See this page for good info:

http://www.medicinenet.com/brain_concussion/article.htm

KQ800
06-06-2011, 03:01 PM
Once I got knocked out during sparring, and what happened is I suddenly was on all fours, trying to get up. Bright orange and lime green splotches flickered over the floor and my arms. When I pushed the floor, if turned sideways like if you push hard on a door. then it came around and hit me on the side of the head, and I was out again. (I fell over, obv. But didn't know it then)When I came to I was told to lie still and complied.

If you have your protagonist knocked out, waking, and seeing someone fighting her enemies, she tries to get up and falls over hitting her head and aggravating her injury. Not well known, but falling over and hitting your head on concrete is far more dangerous then most kicks to the head...

JimmyB27
06-06-2011, 04:15 PM
Apart from loss of air is there any other way I could work this scene?
Why apart from loss of air? If she's fighting three people, it would seem likely that they'll be able to surround her, and from there, one of them grabbing her from behind and choking her out actually seems more likely to me.

debirlfan
06-06-2011, 08:23 PM
As someone said - she gets a glimpse of her rescuer coming (or hears him/her), and then gets hit in the head.

mirandashell
06-06-2011, 10:38 PM
I reckon that's the best idea. As it could be the reason she gets hit in the head. She's watching her rescuer rather than the bloke about to hit her.

-alex-
06-07-2011, 05:02 PM
Okay, thanks for all the info and help guys. Much appericated.

gan_naire
06-11-2011, 08:13 PM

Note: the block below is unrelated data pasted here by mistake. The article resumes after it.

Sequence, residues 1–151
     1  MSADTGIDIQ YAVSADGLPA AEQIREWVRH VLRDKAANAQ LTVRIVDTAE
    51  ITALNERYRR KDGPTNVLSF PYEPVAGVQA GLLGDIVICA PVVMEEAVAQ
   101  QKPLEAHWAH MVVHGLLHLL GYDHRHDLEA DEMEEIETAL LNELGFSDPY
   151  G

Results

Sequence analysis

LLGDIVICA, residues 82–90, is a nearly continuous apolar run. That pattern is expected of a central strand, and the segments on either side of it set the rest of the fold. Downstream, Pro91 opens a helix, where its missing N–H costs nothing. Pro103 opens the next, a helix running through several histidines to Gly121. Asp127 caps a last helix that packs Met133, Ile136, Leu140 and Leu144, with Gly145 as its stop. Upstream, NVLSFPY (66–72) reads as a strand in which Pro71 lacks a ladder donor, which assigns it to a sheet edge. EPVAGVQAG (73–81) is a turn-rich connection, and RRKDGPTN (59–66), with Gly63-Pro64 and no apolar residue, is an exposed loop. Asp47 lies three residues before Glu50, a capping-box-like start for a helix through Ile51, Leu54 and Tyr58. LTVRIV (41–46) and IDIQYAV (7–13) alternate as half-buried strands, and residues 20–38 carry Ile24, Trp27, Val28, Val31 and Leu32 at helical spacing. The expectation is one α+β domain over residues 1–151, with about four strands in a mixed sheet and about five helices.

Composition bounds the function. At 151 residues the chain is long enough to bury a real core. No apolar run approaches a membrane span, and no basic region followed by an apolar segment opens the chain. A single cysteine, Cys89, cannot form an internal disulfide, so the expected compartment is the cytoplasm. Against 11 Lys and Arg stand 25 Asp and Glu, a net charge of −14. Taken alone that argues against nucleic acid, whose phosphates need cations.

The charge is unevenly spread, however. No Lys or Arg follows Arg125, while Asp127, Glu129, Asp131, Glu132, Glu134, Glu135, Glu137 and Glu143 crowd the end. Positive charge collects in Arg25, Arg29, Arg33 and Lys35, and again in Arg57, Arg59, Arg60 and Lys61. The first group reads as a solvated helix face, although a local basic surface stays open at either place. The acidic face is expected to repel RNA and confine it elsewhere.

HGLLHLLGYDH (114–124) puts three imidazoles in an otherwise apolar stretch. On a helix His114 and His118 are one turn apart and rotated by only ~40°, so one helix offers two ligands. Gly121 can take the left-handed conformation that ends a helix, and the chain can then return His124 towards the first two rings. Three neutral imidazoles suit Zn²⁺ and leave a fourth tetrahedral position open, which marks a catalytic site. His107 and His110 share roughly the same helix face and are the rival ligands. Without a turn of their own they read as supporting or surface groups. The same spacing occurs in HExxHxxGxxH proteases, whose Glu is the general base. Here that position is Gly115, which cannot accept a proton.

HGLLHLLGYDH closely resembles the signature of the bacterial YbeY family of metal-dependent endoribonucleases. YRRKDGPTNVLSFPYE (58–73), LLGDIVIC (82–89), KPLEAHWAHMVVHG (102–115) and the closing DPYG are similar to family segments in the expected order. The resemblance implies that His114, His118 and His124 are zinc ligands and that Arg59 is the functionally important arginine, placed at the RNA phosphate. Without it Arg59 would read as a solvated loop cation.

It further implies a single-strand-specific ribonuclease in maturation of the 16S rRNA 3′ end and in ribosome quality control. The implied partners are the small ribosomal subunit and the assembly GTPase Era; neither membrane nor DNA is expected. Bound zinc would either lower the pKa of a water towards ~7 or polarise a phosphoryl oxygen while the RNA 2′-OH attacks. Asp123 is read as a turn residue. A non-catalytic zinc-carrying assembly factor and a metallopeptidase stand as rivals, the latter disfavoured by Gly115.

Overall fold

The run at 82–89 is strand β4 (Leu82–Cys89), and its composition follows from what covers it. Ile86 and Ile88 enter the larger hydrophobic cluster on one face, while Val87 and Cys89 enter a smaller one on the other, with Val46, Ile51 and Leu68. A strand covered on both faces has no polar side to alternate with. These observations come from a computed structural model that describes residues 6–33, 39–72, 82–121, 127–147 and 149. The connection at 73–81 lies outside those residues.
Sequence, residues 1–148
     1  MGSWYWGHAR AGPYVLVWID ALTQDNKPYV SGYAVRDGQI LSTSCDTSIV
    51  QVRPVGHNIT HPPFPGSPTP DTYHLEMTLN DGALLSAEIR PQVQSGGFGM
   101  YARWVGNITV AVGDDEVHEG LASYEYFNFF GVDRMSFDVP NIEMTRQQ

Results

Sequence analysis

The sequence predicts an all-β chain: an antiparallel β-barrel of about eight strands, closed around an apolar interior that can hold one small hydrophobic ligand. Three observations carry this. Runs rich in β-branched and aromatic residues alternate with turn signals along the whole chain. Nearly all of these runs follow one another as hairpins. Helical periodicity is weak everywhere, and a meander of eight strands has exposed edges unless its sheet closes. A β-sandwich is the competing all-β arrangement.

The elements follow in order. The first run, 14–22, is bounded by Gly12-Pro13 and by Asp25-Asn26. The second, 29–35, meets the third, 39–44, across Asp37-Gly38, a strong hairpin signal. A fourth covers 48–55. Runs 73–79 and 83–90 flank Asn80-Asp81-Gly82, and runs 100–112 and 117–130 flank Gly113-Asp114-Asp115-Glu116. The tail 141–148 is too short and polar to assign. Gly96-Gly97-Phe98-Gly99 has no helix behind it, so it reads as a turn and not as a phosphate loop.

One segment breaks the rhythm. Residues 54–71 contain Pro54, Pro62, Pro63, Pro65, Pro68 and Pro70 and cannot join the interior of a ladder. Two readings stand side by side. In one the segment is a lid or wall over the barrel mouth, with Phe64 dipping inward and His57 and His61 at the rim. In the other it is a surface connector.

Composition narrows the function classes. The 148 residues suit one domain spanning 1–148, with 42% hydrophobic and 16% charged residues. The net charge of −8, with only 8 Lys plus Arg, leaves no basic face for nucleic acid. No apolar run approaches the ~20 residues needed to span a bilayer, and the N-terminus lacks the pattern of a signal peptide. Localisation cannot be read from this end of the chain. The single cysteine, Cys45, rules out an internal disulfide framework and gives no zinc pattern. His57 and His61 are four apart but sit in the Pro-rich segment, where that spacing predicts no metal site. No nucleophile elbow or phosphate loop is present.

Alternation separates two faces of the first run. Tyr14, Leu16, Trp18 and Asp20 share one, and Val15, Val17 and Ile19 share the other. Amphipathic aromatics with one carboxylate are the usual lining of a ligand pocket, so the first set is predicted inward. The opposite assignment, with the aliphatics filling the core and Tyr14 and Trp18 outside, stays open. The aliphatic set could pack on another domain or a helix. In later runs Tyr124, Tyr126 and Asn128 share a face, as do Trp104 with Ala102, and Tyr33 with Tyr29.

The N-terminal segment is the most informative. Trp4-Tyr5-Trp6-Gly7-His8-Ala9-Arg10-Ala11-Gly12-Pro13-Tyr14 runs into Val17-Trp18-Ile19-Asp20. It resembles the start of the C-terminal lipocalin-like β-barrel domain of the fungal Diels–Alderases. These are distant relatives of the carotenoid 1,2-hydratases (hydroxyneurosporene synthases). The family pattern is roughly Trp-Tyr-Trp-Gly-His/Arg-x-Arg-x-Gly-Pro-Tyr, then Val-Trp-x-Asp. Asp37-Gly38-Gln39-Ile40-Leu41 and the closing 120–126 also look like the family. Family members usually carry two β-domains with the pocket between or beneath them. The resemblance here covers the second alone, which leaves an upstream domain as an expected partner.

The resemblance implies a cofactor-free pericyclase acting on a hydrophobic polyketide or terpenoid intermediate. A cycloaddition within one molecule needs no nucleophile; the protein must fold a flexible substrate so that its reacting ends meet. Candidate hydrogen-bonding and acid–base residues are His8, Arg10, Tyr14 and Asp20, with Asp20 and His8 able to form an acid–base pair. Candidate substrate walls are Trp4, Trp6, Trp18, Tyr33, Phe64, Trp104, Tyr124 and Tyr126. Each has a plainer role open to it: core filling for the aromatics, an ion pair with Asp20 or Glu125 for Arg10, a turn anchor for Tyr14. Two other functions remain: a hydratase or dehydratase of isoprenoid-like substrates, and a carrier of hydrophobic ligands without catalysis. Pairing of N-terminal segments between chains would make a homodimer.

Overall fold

One thing you might think about doing is making it so that the MC is dazed from the blow and in her hazy vision she sees someone coming, then someone hits her and knocks her out. I've had my share of all three situations of being dazed, fade out and black out, all sucked, but luckily with the black outs, I didn't even know it was happening haha.

A fade out would be like if someone was choking you into unconsciousness. This sucks very badly because your vision starts to close in (like tunnel vision) and the only thing you can really see is what's directly in front of you. If you want to see what it feels like, have a friend put you in a rear naked choke. If done properly it can take just ten seconds to lose consciousness, so make sure you trust your friend enough to know that when you tap, they'll let go.

Being dazed in a fight comes from head trauma (though in rare situations it can also come from body shots) and it's kind of like fading out since your vision becomes distorted and you can't really focus, but you're still conscious and even able to defend yourself, kind-of. Again this sucks, but it's not the harm of being dazed that sucks, it's the feeling of helplessness and paranoia that sets in quickly.